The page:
Riots : when normal behaviour is meaningless.

Looking back at the Commune coverage of the riots.

Barry Biddulph suggests that we need to find a way to engage with the contradictory and elemental nature of  the recent riots.


Riots. We should have seen them coming. After all, the combustible material has been stacking up for some time. The majority of rioters who appeared in court were under 24, and from poor neighbourhoods. Strikingly: 41/% of suspects live in one of the top 10% of the most deprived places. [1] We already knew that in Hackney there are 22 claimants for every job. In Haringey, where Tottenham is located, there are 29  claimants for every vacancy. [2]  Youth unemployment  currently stands  at 949,000. [3] Add to these grim figures, the volatile mix of police harassment, affordable housing shortage, cuts in benefits,  resentment at bankers and parliamentary politicians robbing the tax payers, and what do we have? Alienation, and disaffection. As Naomi Klein put it in the Guardian,” When you rob people of what little they have, in order to protect the interests of those who have more than anyone deserves, you should expect resistance.”[4]

Even so, many on the left did not expect this resistance. Furthermore, they did not  like the look of it. The Socialist Party was particularly disgusted. In their opinion, it was a tragedy for small shop keepers, and devastating for working class communities. As if capitalism in crisis wasn’t. The SP leadership was worried about the lack of police numbers. The view of Peter Manson of the CPGB was that the riot targeted working-class people. In a moment of self-doubt, he mused that at one level, it was a collective rebellion but on balance it was without political content with anti social gangs having a moment of power. [5] But the rioters’ most comprehensive critic was  the Alliance for Workers’ Liberty. The riot would have no positive effect. Indeed, it would have reactionary consequences. It would strengthen law and order, stimulate racism as well as alienate organised labour. [6] Continue reading “Riots : when normal behaviour is meaningless.”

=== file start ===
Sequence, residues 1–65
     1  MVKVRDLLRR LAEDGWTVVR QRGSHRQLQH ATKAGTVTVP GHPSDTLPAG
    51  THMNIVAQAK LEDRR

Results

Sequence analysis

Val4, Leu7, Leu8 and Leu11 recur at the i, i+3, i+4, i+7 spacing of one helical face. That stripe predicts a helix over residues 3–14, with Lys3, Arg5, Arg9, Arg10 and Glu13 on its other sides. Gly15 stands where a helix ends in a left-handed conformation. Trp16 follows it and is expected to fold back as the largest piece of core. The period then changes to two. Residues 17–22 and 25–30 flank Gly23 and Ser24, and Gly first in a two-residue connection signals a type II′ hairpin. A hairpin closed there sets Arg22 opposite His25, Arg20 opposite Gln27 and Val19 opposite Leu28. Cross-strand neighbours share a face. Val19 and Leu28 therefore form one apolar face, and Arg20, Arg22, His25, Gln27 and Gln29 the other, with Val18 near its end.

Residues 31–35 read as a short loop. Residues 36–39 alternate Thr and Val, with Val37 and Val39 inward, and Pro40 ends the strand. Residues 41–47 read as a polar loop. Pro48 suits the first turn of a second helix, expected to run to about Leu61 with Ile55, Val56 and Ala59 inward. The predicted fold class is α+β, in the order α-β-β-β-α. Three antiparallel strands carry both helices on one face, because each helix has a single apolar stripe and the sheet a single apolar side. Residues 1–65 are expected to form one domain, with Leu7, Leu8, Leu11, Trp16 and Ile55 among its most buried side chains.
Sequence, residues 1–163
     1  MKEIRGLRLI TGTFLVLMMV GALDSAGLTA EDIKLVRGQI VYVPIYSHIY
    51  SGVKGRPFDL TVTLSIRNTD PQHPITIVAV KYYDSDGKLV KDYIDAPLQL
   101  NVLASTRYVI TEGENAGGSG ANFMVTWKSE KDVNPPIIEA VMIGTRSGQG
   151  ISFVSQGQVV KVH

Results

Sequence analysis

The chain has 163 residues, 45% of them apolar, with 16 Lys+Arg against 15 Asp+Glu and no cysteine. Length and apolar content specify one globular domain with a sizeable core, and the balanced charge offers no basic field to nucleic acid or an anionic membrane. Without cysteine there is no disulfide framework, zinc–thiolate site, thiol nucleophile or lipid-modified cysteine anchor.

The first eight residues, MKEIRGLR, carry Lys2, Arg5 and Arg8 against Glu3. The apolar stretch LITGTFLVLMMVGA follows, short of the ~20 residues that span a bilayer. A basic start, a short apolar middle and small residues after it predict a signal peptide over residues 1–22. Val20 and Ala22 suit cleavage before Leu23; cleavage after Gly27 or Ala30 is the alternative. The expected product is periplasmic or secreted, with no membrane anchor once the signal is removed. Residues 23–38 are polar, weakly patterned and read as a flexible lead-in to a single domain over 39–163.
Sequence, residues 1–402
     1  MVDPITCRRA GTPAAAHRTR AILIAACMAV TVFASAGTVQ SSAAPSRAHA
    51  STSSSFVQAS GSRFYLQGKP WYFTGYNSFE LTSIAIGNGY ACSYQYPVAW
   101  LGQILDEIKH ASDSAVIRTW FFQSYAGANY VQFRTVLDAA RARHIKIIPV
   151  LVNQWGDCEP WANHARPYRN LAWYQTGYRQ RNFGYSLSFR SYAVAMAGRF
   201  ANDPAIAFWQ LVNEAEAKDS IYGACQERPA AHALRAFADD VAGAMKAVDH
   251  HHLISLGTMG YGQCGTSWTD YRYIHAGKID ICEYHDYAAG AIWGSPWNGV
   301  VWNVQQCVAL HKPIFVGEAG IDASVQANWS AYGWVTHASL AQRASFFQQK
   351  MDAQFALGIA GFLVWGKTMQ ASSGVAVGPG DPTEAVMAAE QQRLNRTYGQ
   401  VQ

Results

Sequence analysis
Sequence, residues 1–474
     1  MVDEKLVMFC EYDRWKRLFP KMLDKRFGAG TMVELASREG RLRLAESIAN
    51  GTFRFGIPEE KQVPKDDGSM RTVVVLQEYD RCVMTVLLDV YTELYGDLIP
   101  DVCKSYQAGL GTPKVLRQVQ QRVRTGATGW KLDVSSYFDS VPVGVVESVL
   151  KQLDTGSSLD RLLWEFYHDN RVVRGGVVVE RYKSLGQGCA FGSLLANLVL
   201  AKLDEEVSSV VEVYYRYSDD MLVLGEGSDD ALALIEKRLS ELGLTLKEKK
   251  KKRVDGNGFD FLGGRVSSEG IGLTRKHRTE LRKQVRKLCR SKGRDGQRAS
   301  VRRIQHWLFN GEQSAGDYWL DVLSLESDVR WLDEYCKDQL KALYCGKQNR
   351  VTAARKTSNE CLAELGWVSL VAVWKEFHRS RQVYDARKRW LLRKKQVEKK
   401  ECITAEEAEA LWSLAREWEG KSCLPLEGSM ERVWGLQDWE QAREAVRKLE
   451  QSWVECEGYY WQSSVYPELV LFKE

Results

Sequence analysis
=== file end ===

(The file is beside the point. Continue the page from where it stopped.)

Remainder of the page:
why is it difficult to sell a paper to a random stranger?

Daniel Harvey gives a theoretical insight into the existential problem of relating to others as a revolutionary in a liberal society.

The old slogan of bourgeois entertainment, ‘But you must have seen this’, which just represented a swindle in the market place becomes a matter of deadly seriousness with the abolishment of amusements and the market alike. Formerly the supposed penalty was being unable to participate in what everyone else was talking about. Today, anyone who is unable to talk in the prescribed fashion, that is of effortlessly reproducing the formulas, conventions and judgments of mass culture as if they were his own is threatened in his very existence, suspected of being an idiot or an intellectual.

Adorno, ‘The Schema of Mass Culture’

What's missing?

One of the most misleading delusions we hold about ourselves is that there is some insoluble distinction between our public and our private selves. This illusion gives us the flattering idea that we are only forced to wear social masks, that underneath this persona that capitalist society forces us to adopt, there is some redeemable ‘real me’, who would be able to express themselves if only they were allowed to.  This distinction supposedly makes us unhappy and depressed, alienated even, and we feel it separates us from bonding with the people around us.  ‘Express yourself’ is now probably the most common advertising principle, and it’s a true testament to advertisers professional skill that they have made doing this seemingly very simple task so expensive. Some sad cases in the 60s took this and turned it into an entire new ‘self discovery’ industry.  The wealthy and bored go on long and expensive retreats to monasteries filled with Indian, so called, mystics, and then Louis Theroux made a documentary about it. Continue reading “why is it difficult to sell a paper to a random stranger?”